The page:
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Making Continuing Appropriations for Fiscal Year 2014

Floor Speech

By:
Date:
Location: Washington, DC

BREAK IN TRANSCRIPT

Mr. SCOTT. Mr. President, let me start by getting something out of the way: I am opposed to funding Obamacare, plain and simple, and my votes this week reflect that. The allegedly Affordable Care Act is raising premiums, forcing millions of Americans into part-time work, and raising taxes on hard-working American families.

However, I want to bring up another problem we are facing this week, which has so far been mostly drowned out in this latest budget crisis. Short-term, month-to-month budgeting is no way to run a government. Even if we manage to avoid a government shutdown this time, we will be debating this same question in just 6 weeks. We should not continue to place bandaids on Washington's failure to pass a responsible, long-term budget.

When I ran a small business, I had a plan to meet payroll and keep the lights on and doors open with the revenue I brought in. Even small businesses need long range planning, fiscal discipline, and foresight. When families sit down to plan their budgets, they are forced to make tough choices--like how to save for college, or simply how to get food on the dinner table that week. But the Federal Government has repeatedly failed to play by these same rules, and as a result, we move from crisis to crisis with no solution on the horizon for our growing fiscal mess. Congress has not completed all 12 regular spending bills on time since 1997. This year, Congress has not yet passed any of these bills. As a result, our debt continues to rise, our government grows ever bigger, and our economic future remains uncertain. This hurts our economy and hurts our families.

A big part of the solution here is not rocket science: Pass a budget. Pass all 12 appropriations bills. Show some fiscal foresight. While Obamacare is certainly more than enough reason to oppose the current continuing resolution, I will not support this stopgap spending measure and further grind our budgeting process to a halt.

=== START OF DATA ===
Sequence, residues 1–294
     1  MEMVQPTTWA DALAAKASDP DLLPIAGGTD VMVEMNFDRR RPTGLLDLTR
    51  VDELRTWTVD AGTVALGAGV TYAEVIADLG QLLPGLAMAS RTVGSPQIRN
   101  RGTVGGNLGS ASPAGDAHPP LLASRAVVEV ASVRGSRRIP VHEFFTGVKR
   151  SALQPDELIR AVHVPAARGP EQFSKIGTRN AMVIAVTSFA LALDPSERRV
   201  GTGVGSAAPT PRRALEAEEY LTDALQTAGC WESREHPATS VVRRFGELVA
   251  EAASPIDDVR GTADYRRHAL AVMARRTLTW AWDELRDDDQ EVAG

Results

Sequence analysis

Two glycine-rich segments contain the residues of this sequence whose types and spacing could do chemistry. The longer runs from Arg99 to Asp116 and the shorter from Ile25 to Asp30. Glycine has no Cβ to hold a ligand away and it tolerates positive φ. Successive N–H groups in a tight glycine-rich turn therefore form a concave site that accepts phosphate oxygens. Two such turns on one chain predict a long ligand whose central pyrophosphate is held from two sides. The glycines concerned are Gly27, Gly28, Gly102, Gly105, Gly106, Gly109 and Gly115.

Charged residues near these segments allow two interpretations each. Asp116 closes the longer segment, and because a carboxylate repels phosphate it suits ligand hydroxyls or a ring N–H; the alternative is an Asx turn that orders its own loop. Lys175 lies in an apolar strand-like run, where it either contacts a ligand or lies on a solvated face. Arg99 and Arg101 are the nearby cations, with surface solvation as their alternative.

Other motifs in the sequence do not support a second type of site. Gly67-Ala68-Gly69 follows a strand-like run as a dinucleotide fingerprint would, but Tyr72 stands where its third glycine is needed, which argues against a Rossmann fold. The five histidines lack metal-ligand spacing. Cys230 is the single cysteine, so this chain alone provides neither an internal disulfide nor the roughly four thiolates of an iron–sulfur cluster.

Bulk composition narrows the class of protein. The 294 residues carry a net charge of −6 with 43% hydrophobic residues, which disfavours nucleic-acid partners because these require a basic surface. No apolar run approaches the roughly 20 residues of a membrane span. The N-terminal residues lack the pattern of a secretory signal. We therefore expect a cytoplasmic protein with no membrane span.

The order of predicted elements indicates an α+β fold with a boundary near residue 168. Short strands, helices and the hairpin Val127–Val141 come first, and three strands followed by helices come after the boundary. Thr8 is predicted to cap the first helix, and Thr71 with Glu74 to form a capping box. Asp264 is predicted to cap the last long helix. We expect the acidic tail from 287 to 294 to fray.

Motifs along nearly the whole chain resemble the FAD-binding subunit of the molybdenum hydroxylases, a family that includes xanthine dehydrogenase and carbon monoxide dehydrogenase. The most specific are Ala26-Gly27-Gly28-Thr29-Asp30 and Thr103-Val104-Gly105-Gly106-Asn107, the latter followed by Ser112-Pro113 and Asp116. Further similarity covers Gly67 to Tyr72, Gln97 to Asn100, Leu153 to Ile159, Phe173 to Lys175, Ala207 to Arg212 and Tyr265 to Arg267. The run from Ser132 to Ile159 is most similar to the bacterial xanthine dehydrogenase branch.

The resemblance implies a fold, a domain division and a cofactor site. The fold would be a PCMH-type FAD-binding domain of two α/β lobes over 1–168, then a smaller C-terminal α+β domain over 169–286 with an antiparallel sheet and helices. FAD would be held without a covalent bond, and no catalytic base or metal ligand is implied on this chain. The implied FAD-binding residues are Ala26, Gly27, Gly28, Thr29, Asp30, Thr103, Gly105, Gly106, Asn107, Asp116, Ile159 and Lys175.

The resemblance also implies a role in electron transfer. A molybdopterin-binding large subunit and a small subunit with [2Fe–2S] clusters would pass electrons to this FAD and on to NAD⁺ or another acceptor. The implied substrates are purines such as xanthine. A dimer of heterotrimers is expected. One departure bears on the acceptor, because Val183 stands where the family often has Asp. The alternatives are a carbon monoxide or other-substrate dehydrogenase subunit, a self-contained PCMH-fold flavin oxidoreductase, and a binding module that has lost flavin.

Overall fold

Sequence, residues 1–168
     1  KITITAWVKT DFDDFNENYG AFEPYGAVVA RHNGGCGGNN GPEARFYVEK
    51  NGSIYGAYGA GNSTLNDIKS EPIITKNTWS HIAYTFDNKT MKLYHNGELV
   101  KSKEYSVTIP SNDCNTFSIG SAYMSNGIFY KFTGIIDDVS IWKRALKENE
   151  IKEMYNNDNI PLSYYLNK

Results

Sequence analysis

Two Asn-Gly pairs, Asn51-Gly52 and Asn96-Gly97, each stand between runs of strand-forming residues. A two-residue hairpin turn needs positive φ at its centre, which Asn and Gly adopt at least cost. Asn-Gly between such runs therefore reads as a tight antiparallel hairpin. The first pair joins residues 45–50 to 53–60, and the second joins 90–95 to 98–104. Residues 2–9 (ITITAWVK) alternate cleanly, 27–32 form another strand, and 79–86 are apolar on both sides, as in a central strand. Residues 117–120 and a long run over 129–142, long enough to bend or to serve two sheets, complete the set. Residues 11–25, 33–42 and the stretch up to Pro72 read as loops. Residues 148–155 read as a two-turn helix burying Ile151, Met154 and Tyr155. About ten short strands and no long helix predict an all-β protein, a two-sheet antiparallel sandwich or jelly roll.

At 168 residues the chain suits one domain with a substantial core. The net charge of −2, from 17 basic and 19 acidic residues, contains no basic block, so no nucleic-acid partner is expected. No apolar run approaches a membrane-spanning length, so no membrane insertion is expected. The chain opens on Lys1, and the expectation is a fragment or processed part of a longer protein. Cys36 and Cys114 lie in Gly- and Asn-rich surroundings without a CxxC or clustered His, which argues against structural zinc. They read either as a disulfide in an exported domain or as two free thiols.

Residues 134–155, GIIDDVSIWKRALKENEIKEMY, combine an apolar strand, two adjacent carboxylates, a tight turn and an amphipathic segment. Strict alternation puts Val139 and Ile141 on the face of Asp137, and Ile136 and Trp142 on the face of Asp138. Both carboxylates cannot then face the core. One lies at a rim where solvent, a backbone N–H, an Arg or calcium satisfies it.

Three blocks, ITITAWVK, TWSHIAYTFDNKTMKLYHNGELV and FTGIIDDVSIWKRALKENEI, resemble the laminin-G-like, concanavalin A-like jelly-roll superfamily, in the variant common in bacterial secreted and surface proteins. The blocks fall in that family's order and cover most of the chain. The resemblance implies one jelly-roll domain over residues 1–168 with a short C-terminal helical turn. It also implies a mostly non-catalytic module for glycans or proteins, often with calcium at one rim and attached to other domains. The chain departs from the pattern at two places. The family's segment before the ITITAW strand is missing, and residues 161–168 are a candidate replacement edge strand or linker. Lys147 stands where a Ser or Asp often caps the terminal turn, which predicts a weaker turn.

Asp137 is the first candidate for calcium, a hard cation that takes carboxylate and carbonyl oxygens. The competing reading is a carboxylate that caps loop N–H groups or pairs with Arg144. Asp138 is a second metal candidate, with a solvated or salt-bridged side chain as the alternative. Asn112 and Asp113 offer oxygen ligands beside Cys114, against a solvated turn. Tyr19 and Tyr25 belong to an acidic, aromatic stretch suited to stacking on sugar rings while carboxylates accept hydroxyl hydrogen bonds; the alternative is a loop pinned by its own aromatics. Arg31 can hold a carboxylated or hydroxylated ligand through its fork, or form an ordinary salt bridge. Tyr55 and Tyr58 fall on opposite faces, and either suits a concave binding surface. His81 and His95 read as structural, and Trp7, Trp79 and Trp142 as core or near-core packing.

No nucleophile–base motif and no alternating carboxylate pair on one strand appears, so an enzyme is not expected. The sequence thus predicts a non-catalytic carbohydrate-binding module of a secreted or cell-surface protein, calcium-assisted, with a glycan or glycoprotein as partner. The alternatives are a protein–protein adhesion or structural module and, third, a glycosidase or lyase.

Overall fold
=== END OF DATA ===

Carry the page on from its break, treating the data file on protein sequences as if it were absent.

[Begin Insert]
Mr. President, I want to take a moment to reflect on the current Senate debate over the funding of our government and the future of the so-called Affordable Care Act.

At the outset, I want to make one thing perfectly clear: I oppose Obamacare and have from the beginning.

I was among the most outspoken critics of Obamacare when it was being debated in the Senate. In fact, I was the first Member of Congress to suggest that the individual mandate was unconstitutional, an argument that eventually went all the way to the Supreme Court.

Since the law's passage, I have been one of the foremost voices in Congress in favor of repeal.

I have introduced legislation to repeal some of Obamacare's most egregious provisions, including the individual mandate, the employer mandate, the health insurance tax, and the medical device tax.

I have come to the floor countless times over the years to call for either a full repeal or permanent delay of the implementation of Obamacare.

In short, Mr. President, no one can accuse me of acquiescing when it comes to opposing Obamacare. I have and will continue to do all I can to protect the American people from this monstrosity of a law.

That said, I wish to express my admiration for my colleagues who are currently fighting to defund Obamacare as part of the continuing resolution to fund the government. I admire their commitment to their principles and share their desire to see Obamacare disappear once and for all.

While I may not agree with their chosen strategy, our overall goals are the same.

It is that strategy that I want to comment on today.